We made it up to the watermelon patch located on the side of a hill, overlooking the family home and barn. The moon had furnished enough light for the group to see and make its way up the hill to the melon patch. The night skies had become increasingly cloudy as we eased about, thumping and feeling the large melons, trying to select a couple of good ones that would be just right for eating on the nearby creek bank a little later that night.

After selecting a couple of large melons, we started back down the path that we thought we had traveled earlier. The path didn’t look familiar, but Virginia assured us that this was the right one; this path would lead us almost right up to where we had left our transportation. Due to the increasing clouds, the night had become quite dark as we made our way down the hill.

We stopped again; this was not the way we had come when we left the road. We were assured very firmly by our guide that we were on the right path that led to the road. Virginia stated in no uncertain terms that she should know; she had been raised on this farm and she knew her way around.

Before the group realized it, we were at the fence that surrounded the barnyard. To our right was the farmhouse, just a short distance away. We knew that we couldn’t go all the way back up the hill to the watermelon patch and try to get on the right path; it was too late for that.

My date, and our guide, suggested in a low whisper that we should try to slip through the barnyard and out to the road without making any noise; she also stated that her father was a very light sleeper.

As we eased the gate open, so as to make our way across the barnyard, a young mule that was loose inside the fenced area began to snort very loudly and race at high speeds around the barnyard.

All calamity broke loose within the barnyard. In trying to keep the racing mule from running over us, I must have stumbled over a sleeping calf that lay on the ground between me and the gate that led to the road.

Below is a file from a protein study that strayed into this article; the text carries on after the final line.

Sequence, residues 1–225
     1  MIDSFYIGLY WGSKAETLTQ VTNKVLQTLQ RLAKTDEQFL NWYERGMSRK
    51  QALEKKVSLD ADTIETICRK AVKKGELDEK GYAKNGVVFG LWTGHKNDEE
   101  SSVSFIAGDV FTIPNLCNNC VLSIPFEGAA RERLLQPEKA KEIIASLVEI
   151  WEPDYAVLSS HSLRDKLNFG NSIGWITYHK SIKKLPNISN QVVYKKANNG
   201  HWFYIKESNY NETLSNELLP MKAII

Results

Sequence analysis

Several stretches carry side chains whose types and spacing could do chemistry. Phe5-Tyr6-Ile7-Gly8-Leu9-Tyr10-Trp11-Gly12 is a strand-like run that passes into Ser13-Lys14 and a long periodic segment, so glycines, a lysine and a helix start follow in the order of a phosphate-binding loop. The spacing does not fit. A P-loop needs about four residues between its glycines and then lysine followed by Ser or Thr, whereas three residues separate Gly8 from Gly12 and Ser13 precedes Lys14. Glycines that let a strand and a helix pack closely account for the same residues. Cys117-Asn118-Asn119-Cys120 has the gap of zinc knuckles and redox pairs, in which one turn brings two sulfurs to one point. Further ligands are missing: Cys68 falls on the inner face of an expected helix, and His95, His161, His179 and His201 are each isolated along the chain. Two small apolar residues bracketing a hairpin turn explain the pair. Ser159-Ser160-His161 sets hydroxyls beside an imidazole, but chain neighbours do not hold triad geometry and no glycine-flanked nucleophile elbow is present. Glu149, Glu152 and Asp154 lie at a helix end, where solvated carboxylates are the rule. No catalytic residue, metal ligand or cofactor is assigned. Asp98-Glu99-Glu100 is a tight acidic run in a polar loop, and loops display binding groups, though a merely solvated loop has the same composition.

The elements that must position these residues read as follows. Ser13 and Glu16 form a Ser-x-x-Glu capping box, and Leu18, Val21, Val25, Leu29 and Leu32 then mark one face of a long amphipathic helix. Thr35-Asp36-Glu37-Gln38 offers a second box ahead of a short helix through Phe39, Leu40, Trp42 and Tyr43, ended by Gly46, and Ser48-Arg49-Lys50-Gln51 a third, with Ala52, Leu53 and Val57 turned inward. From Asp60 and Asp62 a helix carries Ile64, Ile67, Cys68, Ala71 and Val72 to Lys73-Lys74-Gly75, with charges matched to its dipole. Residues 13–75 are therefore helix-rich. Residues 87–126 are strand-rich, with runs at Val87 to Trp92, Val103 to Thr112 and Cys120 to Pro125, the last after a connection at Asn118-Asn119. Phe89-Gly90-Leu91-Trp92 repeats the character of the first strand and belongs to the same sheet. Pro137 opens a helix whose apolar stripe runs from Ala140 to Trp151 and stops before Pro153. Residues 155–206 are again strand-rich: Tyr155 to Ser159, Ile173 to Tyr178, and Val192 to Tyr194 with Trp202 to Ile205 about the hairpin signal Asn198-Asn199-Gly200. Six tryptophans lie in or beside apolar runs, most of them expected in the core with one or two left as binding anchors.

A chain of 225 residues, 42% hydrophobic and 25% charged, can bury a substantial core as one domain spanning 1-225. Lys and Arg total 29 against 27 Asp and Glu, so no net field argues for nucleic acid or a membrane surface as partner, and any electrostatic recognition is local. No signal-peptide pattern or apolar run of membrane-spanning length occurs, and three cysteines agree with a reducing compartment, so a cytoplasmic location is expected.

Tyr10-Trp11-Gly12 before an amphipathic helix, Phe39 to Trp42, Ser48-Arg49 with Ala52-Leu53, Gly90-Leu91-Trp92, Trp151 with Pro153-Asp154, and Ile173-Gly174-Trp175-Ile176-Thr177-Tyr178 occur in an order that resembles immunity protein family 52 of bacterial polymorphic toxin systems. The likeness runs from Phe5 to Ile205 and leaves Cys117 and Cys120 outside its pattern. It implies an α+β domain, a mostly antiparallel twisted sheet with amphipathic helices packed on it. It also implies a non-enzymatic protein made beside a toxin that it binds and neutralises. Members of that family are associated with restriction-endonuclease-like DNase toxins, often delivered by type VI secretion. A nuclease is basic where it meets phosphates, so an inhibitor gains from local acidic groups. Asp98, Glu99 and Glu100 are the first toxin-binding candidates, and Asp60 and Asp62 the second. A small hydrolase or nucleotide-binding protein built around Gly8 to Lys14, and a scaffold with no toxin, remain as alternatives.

From the back porch of the house came two shotgun blasts from old man Thrash, who, dressed in his nightshirt, fired into the night air to frighten the prowlers from his premises after hearing the commotion outside.

It takes great skill and balance to ride the back of a bucking bull yearling across a large barnyard while holding on to a 30-pound watermelon. Take it from me – I know from experience.

(Singleton, the author of the 1991 book “Of Foxfire and Phantom Soldiers,” passed away at the age of 79 on July 19, 2007. A longtime resident of Monroeville, he was born on Dec. 14, 1927 in Marengo County, graduated from Sweet Water High School, served in the Korean War, moved to Monroe County in 1961 and served as the administrator of the Monroeville National Guard unit from 1964 to 1987. For years, Singleton’s column “Somewhere in Time” appeared in The Monroe Journal, and he wrote a lengthy series of articles about Monroe County that appeared in Alabama Life magazine. He is buried in Pineville Cemetery in Monroeville. The column above and all of Singleton’s other columns are available to the public through the microfilm records at the Monroe County Public Library in Monroeville. Singleton’s columns are presented here each week for research and scholarship purposes and as part of an effort to keep his work and memory alive.)